By Professor Laurence Boulle, Thomas More Law School, Australian Catholic University
This piece complements the post by Associate Professor Bobette Wolski introducing the Australian National Mediator Accreditation System (NMAS) published on this blog earlier this month.
Version 2.0 of the NMAS became effective on 1 July 2015. It is designed to enhance the quality of mediation practice by up-dating and simplifying the previous standards and provide some structure to RMABs and the MSB.
This version had a painful and protracted parturition. Drafting should be easy but having been involved in these standards, and in a similar system abroad, I know this is not the case.
The political context
It is challenging to keep all interest groups within the tent, particularly lawyers who approach the practice standards from a risk perspective and are concerned that any specificity in regard to the mediation procedures could leave them exposed. Indeed, the legal profession might yet elect to set up its own standards.
The indeterminacy of words
As HLA Hart told us decades ago, all words have a core of certainty and a penumbra of uncertainty. As soon as one starts drafting the core seems to shrink and the penumbra to expand. Drafters spend hours pondering over the meanings of words. Fortunately the NMAS is not a bilingual document.
We all thought, post-NADRAC, that definitional conundrums were behind us. Sadly they are not. Drafters, at the risk of their health, endlessly revisit definitions of ‘mediation’, ‘conciliation’, ‘blended process’, ‘impartiality’, and the like. Thanks to the work of a few radical revolutionaries ‘neutrality’ was not defined but banned from the discourse.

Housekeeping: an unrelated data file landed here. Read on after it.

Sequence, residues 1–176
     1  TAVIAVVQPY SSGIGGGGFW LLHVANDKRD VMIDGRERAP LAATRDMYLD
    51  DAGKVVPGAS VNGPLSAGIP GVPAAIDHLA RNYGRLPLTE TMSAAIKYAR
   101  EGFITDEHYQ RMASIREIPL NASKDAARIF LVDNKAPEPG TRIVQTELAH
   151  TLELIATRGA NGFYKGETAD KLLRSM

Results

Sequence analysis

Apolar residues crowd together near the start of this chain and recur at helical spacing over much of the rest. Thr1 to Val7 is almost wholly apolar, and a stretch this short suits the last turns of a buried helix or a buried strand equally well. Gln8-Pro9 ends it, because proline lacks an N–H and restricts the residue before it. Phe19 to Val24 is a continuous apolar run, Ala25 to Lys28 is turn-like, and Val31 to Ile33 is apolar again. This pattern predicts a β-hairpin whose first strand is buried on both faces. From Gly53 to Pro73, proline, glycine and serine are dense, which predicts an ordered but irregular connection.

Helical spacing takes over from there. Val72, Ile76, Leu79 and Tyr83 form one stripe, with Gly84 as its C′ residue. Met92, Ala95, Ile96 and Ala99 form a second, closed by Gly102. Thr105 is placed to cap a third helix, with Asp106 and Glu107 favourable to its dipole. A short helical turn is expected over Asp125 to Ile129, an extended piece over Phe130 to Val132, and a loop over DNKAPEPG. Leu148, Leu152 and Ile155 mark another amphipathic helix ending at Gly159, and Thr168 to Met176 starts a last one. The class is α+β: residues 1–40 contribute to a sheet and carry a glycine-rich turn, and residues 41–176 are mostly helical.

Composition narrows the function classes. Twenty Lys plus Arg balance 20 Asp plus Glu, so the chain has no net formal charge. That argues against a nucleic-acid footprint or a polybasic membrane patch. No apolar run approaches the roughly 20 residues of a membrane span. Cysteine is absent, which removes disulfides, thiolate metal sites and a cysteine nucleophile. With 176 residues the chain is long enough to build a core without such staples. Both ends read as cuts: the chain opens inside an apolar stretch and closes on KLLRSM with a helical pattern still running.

Volunteers work in bursts of frenetic activity, followed by weeks and months during which the momentum is lost. In the eventual pursuant meeting they start again: definitions, words, politics and the rest. Not to mention the ego challenges which surface in the interstitial crevices of drafting projects.
The evidence question
Has the NMAS improved quality in the provision of mediation? As usual the evidence is meagre. Will version 2.0 enhance knowledge, skills and knowledge in the area? Time might tell. But it might not. Social science surveys tell us that social science can only survey 20% of the variables in human variables. Mediation is a social science.
For the above reasons all Standards, and all drafting, involve many compromises and many are reflected in the NMAS version 2.0. Now it’s over to the research scholars to analyse the contribution they make to dispute resolution practice. However please mind your definitions.